in the face of data races, I don't see how you can construct a
sequentially-consistent but racy implementation on top of it.

But this is something better discussed on the JMM mailing list.

Cheers,
David Holmes

 The
> problem is that a single class may be used both in a racy and non-racy
> context.  The conservative thing to do then is to mark all fields
> volatile, but that penalizes the non-racy context, which is by far the
> most common.  I could generate two versions of the class, and maybe
> eventually I will, but for the moment I'd like to use a simpler scheme.
> A final option, then, is to have a delegate class which optionally uses
> a volatile field in the way that I have shown here to add in memory
> barriers.  So, in that case, writes to a field "f" would be compiled as
>
>      this.f = ...;
>      this.delegate.synchronizeWrite();
>
> where synchronizeWrite() would either do nothing (non-ract case) or
> write a dummy value to a volatile field (racy case).  The question is,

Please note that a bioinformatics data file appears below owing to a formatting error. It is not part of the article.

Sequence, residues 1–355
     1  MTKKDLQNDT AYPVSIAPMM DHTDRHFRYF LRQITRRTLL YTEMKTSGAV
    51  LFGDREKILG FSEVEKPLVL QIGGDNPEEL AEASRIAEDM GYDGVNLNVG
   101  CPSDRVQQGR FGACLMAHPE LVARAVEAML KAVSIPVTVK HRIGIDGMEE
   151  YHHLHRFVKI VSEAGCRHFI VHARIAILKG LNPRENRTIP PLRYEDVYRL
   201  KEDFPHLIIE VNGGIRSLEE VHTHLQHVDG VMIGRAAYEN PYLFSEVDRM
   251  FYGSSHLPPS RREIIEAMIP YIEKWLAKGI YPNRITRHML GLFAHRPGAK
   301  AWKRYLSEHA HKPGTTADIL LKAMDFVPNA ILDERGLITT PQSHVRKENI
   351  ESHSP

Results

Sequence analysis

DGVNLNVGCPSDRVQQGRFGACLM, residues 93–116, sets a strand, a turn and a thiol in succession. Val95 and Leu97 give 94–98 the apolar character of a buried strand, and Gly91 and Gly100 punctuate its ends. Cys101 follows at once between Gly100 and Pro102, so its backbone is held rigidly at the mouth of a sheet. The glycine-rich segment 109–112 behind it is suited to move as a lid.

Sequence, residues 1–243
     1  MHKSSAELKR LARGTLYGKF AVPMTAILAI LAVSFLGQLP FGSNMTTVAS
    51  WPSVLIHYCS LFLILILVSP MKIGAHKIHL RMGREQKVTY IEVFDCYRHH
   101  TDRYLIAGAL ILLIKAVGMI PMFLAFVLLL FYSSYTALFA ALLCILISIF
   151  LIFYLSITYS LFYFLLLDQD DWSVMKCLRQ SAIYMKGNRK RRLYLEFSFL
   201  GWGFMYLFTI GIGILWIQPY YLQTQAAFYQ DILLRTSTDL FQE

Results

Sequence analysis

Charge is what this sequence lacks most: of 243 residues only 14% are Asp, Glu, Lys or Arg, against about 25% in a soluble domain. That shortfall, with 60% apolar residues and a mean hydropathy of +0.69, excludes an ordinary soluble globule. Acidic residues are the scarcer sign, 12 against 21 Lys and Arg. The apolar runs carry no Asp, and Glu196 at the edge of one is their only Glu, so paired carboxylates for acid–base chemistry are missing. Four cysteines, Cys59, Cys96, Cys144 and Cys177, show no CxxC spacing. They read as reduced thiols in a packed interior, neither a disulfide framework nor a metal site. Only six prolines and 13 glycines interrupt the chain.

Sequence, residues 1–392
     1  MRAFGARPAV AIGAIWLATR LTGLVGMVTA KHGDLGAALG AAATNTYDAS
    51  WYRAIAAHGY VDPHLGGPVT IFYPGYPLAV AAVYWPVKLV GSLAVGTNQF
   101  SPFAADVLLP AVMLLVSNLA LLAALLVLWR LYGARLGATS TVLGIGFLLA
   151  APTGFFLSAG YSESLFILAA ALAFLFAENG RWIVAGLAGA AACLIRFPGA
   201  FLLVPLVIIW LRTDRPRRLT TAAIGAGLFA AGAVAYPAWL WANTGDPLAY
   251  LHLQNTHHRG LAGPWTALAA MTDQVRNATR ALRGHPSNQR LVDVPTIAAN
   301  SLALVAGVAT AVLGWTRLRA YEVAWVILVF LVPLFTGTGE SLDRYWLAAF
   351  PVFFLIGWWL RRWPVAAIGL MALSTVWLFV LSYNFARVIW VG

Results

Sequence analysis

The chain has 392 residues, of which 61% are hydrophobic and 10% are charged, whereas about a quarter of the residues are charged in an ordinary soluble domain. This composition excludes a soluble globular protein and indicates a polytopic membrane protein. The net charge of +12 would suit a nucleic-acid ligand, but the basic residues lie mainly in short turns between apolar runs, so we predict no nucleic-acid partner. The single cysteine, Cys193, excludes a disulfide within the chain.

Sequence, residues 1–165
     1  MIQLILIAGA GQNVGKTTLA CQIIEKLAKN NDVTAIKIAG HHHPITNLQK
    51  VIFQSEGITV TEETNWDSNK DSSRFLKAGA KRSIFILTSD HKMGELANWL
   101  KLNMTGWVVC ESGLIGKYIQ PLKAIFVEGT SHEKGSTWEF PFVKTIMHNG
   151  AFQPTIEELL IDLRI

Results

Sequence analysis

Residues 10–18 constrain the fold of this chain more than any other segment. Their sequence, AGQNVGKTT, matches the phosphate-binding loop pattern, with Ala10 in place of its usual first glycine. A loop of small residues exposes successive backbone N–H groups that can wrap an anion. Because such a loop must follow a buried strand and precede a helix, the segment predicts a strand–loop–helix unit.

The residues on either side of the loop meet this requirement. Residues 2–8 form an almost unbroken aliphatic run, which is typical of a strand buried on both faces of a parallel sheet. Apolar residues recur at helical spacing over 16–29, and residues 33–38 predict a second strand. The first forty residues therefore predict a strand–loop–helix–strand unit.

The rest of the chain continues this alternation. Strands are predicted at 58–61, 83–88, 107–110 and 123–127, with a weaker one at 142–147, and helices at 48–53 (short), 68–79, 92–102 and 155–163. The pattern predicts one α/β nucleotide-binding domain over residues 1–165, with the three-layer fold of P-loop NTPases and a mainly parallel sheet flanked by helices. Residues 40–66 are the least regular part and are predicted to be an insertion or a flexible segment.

> will a scheme like this work?  (Of course, it may also prove to be slow,
> if the cost of the method call is too high, but that could be optimized
> in various ways)
>
>
>
> Niko
>
Niko Matsakis | 3 Feb 08:43 2011
Picon

Re: "Volatile-like" guarantees


> Given that the Java Memory Model does not guarantee sequential consistency
> in the face of data races, I don't see how you can construct a
> sequentially-consistent but racy implementation on top of it.
>
> But this is something better discussed on the JMM mailing list.
>    
Indeed, I didn't realize there was such a mailing list.  I will move the 
discussion over there.

Thanks,

Niko

Gmane